A black swan, says Nicholas Nassim Taleb who popularized the term, is a hard-to-predict event with a large impact.
"Since declaring the global economy is in recession is sacrilege, it was impossible for conventional analysts/pundits to foresee a 37% drop in oil in a few months." says Charles Hugh Smith. Adding, "It is my contention that the recent free-fall in the price of oil qualifies as a financial Black Swan." Wikipedia lists three basic criteria based on Taleb's work:
1. The event is a surprise (to the observer).
2. The event has a major effect.
3. After the first recorded instance of the event, it is rationalized by hindsight, as if it could have been expected; that is, the relevant data were available but unaccounted for in risk mitigation programs.
Hughes' Black Swan has cousins in every highly complex system, they are the unknown unknows and they really like hangin out around the human built mental contraptions called modeling. Humans use modeling to make predictions about what they can't understand by simplifying the inputs. The thing is, no model – whether a wind-tunnel model for designing aircraft, an economic model, a weather model or a climate model for projecting global warming – will ever reproduce the real-world complexity of the system being modeled.
Given that according to the EIA, the average global crude oil production (including OPEC and all non-OPEC) per year is as follows:
2008: 74.0 million barrels per day (MBD)
2009: 72.7 MBD
2010: 74.4 MBD
2011: 74.5 MBD
2012: 75.9 MBD
2013: 76.0 MBD
2014: 76.9 MBD
So #3 applies eh. The relevant data were available. The blinders uniformly worn by the economic 'experts' [in this case] were self-applied. Modeling science looks backward to predict the future. Imagine trying to drive your beater forward by looking in the rear view mirror. It works OK as long as the road is straight, but as soon as it curves you're in the ditch. In this case, curves would be a tipping point. The driver, having believed that driving by mirror was a good idea, then sees his current position in the ditch as an unpredicable Black Swan Event when in reality highway curves are very predictable when not acting on false beliefs.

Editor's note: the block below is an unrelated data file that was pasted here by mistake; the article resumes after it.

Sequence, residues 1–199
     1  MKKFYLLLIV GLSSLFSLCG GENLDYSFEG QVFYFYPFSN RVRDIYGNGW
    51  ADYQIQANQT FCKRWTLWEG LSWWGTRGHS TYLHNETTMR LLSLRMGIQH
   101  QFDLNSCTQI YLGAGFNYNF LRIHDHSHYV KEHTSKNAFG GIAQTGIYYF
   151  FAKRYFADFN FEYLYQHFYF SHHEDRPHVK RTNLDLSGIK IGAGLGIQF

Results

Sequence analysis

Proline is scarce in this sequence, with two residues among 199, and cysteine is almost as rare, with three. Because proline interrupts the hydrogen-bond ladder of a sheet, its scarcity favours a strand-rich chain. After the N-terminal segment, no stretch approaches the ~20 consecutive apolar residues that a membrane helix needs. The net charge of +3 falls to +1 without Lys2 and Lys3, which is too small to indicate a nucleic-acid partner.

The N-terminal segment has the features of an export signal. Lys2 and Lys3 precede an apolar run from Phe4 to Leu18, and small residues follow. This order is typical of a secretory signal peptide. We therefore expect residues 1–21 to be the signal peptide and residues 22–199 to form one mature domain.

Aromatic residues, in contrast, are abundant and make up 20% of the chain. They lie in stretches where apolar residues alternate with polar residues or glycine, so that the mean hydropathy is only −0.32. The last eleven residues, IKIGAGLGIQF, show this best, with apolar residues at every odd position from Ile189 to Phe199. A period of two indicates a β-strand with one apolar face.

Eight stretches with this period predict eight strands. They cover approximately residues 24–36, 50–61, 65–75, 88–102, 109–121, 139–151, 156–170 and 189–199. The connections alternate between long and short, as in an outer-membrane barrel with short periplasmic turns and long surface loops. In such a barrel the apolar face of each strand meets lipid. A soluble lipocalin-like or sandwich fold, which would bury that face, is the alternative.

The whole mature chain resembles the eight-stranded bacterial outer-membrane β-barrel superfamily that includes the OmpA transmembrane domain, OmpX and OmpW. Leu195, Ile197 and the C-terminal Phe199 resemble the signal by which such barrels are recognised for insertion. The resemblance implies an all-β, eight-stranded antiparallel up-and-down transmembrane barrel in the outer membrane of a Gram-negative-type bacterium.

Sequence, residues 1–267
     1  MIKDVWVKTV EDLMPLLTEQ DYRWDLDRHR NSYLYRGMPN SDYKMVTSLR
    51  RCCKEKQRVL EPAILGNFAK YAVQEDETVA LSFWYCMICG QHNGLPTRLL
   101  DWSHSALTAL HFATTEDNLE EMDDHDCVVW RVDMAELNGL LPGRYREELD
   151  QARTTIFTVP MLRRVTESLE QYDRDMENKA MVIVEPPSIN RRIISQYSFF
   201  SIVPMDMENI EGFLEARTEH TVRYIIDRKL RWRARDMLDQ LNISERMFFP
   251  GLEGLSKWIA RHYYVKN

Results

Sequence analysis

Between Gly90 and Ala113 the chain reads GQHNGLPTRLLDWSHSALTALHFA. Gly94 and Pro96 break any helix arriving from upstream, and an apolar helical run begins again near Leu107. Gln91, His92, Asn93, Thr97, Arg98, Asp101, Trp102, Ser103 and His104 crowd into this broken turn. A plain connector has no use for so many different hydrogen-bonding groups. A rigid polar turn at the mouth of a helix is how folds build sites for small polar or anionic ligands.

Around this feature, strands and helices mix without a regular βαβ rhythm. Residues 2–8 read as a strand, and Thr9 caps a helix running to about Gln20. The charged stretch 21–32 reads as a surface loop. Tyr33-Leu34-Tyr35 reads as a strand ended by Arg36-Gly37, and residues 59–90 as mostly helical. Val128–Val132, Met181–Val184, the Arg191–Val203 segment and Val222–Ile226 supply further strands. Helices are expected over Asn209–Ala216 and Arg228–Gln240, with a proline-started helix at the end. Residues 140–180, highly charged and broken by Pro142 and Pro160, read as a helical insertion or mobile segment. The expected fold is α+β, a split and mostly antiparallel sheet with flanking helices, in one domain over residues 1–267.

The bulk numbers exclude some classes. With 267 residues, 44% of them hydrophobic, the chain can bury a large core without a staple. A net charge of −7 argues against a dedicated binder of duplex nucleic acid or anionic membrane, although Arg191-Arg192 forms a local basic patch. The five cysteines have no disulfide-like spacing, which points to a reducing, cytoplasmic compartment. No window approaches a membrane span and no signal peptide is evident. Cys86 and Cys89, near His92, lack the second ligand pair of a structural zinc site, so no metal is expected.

Unfortunately, the real world has a lotta curves and ditches. No matter what convolution of tactics we employ at mitagation, the real world is unpredictable beyond generalities. So, IMO, given the enormous consequences of a failure to avoid the economic ditch [and its cousin the global warming ditch] the greatest failure of our 'experts' is that they refuse to apply The Precautionary Principle.
The plummeting prices at the pump are the most visible part of a tipping point in the global demand curve for needless crap. It certainly has already started knocking over dominoes here in Canada where the governments live on the income from resource royalties. The fear up here being stirred is that say so jobs will be lost by folks who work for companies that supply the oil and gas industries is just camouflage to distract the gullible from the fact that every part of every oil and gas play is financed by the banks, those companies won't hang on in the hopes of a brighter tomorrow, they can read the headlines about the deflation phantom, they'll walk on the debt, the banks will own a buncha rusting useless equipment and the banks shareholders - the rich - will not be amused.
It's a predictable outcome, driven only by short term quarterly profits corporate capitalism is running itself over a cliff. Understanding this predicament whereby our expert system's inability to predict the behavior of complex systems because their least likely outcomes are sometimes the most catastrophic allows us to take our own precautions. Great changes happen at tipping points. For some that means maybe being a prepper, for some that means crashing the credit cards on sex, drugs and rock 'n roll. The key IMO is to respond, not react to the life's possibilities and remembering that 'experts' are often as imprisoned by their beliefs as anyone else.